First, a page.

Raw Cacao Beans & Pregnancy

Many pregnant women experience cravings for chocolate. The American Academy of Family Physicians recommends that you avoid consuming refined sugars during pregnancy because it has a low nutritive value and may increase your risk for gestational diabetes. Recent studies, such as a 2008 study in the journal "Molecules," indicate that raw cacao has health benefits such as antioxidants. Consult your physician before you consume raw cacao beans or other products during pregnancy.

About Cacao

Teya Skae, nutritional consultant and author of Examining the Properties of Chocolate and Cacao for Health in "Nourished" Magazine states that chocolate and cacao are not the same. Chocolate is made from processed cacao, and because sugar, butter and other less healthy ingredients are added to it, it has little nutritional value. Raw cacao beans, on the other hand, contain anti-oxidants as well as other vitamins and minerals, and does not contain sugar or other additives. Purchase raw cacao beans in natural food stores or online.

Benefits of Cacao During Pregnancy

Cacao nibs or raw cocoa beans crushed in a jar

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Raw cacao could benefit a pregnant woman. For example, according to A. Christine Harris, Ph.D., author of "The Pregnancy Journal," states that raw cacao is beneficial for pregnant women because it contains B vitamins and minerals such as:

  • copper
  • calcium
  • manganese
  • zinc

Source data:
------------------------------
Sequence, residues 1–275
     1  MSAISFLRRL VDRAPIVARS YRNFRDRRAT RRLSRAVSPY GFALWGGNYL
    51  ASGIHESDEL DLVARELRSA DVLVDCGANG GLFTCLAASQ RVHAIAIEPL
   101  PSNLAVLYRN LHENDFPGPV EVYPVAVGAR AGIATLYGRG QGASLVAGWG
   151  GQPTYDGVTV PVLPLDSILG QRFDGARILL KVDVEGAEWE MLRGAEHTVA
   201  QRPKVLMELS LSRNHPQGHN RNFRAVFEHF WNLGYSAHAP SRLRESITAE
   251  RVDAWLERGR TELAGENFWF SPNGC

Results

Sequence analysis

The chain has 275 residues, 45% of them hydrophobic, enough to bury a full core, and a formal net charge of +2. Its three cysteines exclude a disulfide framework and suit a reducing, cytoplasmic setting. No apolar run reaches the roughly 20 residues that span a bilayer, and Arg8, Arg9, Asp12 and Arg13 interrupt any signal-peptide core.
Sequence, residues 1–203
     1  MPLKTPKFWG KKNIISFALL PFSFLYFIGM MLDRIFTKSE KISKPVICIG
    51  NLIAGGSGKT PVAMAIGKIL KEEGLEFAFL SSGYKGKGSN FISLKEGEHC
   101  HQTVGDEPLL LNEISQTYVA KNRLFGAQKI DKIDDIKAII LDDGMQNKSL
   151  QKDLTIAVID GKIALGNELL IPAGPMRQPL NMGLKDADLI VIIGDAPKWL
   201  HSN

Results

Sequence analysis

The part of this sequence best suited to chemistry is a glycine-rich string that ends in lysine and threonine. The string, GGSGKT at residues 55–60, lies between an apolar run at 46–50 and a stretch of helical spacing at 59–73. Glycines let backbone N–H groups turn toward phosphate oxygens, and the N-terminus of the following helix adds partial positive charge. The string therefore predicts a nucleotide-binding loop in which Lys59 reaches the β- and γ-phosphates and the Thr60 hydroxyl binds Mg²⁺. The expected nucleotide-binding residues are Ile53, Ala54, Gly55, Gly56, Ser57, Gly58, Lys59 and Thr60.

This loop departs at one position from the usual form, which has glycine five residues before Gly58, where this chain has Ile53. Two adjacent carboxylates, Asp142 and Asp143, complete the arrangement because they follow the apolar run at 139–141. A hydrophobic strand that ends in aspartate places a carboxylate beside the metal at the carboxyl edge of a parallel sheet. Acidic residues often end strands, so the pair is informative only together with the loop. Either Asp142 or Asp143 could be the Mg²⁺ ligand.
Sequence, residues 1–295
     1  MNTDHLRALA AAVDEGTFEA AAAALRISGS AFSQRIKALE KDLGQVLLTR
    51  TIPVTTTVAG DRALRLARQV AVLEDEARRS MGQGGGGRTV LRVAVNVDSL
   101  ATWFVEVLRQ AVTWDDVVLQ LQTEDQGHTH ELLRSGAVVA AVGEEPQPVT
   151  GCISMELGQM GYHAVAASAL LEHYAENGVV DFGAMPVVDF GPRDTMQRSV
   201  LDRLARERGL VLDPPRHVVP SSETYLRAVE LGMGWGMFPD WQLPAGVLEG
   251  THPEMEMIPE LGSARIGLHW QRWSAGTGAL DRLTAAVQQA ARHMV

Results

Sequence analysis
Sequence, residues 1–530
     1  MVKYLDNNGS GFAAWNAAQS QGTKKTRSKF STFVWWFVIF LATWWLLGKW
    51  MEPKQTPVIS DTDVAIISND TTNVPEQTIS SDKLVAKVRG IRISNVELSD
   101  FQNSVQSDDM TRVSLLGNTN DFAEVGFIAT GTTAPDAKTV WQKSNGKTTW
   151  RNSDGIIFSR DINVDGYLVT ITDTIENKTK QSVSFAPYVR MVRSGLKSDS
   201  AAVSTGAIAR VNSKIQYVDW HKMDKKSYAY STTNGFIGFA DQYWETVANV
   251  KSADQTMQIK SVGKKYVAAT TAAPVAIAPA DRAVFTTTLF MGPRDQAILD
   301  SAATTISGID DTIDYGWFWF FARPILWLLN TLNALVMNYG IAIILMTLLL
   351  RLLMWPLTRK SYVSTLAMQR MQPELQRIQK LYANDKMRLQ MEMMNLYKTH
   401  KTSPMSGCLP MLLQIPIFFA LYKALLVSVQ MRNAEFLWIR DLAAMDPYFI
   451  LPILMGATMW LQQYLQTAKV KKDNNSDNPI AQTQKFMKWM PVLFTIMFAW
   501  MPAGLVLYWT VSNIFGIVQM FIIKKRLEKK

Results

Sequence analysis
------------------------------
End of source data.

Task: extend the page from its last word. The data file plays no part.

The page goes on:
• magnesium
  • sulfur
  • potassium
  • iron

Aside from these vitamins and minerals, Abbe M.M. Jalil of the Department of Nutrition and Dietetics at the Universiti Putra in Malaysia suggests that the cacao bean is the source of the antioxidant polyphenols that may prevent cancer and heart disease.

How to Use Raw Cacao

You can eat cacao beans raw, according to Skae. However, raw cacao beans have a bittersweet flavor that may be too strong for a pregnant woman who is experiencing taste or smell sensitivity. Add them to a healthy fruit smoothie or use them in a variety of recipes, from a savory mole sauce to chili, according to David Wolfe, author of "Naked Chocolate." Wolfe states that you can also use raw cacao in desserts such as chocolate mousse.


Cacao nibs or raw cocoa beans crushed in a jar

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Raw cacao and other chocolate products contain caffeine, according to Joanne Stone, author of "The Pregnancy Bible." According to Skae, the amount of caffeine contained in a 40-gram bar of dark chocolate is less than one cup of decaffeinated coffee. However, caffeine has been shown to increase the risk of miscarriage, according to Stone, so you should consult your obstetrician before you add raw cacao or unsweetened dark chocolate to your diet.